Facebook again defends its research on kids as it comes under increased scrutiny

The tech giant says it's trying to make its products safe for kids.

Erin Carson Former Senior Writer
Erin Carson covered internet culture, online dating and the weird ways tech and science are changing your life.
Expertise Erin has been a tech reporter for almost 10 years. Her reporting has taken her from the Johnson Space Center to San Diego Comic-Con's famous Hall H. Credentials
  • She has a master's degree in journalism from Syracuse University.
Erin Carson

Facebook is responding to reporting on its impact on kids.

Sarah Tew/CNET

Facebook is again pushing back against reporting from The Wall Street Journal, this time surrounding the tech giant's impact on kids and efforts to attract preteen users. In a blog post on Wednesday, Facebook said it conducts research to make sure its products are as safe as possible.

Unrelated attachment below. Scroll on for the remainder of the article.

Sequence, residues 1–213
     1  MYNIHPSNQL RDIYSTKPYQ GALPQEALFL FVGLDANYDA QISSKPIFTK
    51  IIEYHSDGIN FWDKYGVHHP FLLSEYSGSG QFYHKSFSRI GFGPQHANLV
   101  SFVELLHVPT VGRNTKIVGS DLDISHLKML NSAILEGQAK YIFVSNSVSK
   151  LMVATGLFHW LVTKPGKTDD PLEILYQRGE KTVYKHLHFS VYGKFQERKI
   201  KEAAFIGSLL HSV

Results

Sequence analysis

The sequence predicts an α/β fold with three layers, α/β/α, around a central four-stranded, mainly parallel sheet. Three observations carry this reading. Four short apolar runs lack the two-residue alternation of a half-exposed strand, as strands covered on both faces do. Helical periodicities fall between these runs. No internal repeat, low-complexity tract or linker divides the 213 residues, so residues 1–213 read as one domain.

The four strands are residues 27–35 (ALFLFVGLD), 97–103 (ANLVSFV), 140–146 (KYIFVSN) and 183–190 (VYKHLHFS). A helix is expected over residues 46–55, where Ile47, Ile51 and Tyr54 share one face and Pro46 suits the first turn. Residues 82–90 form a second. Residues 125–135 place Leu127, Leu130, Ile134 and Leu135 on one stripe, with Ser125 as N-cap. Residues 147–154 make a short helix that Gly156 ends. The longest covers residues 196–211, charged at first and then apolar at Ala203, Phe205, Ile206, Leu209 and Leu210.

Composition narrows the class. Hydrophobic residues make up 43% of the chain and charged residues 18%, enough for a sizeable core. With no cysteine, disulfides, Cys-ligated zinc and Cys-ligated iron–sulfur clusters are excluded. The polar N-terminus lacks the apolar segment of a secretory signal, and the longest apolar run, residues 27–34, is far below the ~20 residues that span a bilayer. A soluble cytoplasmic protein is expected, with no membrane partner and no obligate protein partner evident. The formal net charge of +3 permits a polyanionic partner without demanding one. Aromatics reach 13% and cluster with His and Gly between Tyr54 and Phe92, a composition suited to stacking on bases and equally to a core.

"There is nothing nefarious or secretive about this work," the post said, also noting that "appealing to younger generations" is not unusual. "Considering that our competitors are doing the same thing, it would actually be newsworthy if Facebook didn't do this work."

The Journal report was part of a series about how the social network knows about the harmful effects of its platforms but downplays them publicly. Facebook is scheduled to testify before Congress on its impact on the mental health of children on Thursday.